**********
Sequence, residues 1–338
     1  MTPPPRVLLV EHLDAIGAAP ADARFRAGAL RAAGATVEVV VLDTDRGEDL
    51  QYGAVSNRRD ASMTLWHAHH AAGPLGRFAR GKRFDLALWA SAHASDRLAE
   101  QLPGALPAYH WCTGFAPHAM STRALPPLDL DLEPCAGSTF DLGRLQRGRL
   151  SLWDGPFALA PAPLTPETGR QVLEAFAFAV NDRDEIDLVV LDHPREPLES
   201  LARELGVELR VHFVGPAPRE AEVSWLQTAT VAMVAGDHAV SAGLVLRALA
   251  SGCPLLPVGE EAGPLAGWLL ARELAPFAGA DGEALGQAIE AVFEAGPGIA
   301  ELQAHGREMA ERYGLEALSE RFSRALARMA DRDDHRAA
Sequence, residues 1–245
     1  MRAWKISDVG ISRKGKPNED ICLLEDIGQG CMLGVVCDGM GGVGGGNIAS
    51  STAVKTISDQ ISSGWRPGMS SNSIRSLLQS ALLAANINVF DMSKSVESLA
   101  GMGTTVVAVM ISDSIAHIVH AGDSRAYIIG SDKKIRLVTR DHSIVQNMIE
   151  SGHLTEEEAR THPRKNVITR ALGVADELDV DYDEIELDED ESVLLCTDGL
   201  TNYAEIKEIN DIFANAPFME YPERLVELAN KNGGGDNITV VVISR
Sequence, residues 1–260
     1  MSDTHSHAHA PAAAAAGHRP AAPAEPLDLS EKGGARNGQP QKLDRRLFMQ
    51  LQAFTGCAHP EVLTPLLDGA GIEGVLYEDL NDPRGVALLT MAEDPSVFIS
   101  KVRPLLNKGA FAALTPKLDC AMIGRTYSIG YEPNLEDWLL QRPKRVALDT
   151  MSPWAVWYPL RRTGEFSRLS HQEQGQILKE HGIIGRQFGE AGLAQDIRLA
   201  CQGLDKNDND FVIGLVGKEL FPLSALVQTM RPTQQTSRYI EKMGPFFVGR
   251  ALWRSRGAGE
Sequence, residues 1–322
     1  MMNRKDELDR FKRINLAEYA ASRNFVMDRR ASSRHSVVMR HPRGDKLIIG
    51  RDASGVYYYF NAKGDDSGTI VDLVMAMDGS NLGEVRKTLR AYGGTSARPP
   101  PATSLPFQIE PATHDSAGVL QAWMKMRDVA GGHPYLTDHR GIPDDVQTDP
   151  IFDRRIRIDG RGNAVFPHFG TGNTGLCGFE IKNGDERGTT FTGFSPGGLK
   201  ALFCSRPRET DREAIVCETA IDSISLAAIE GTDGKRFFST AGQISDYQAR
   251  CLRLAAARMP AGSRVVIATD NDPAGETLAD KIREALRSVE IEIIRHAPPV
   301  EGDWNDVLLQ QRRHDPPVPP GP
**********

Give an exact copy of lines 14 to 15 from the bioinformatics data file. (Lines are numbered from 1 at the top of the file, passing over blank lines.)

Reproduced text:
   201  TNYAEIKEIN DIFANAPFME YPERLVELAN KNGGGDNITV VVISR
Sequence, residues 1–260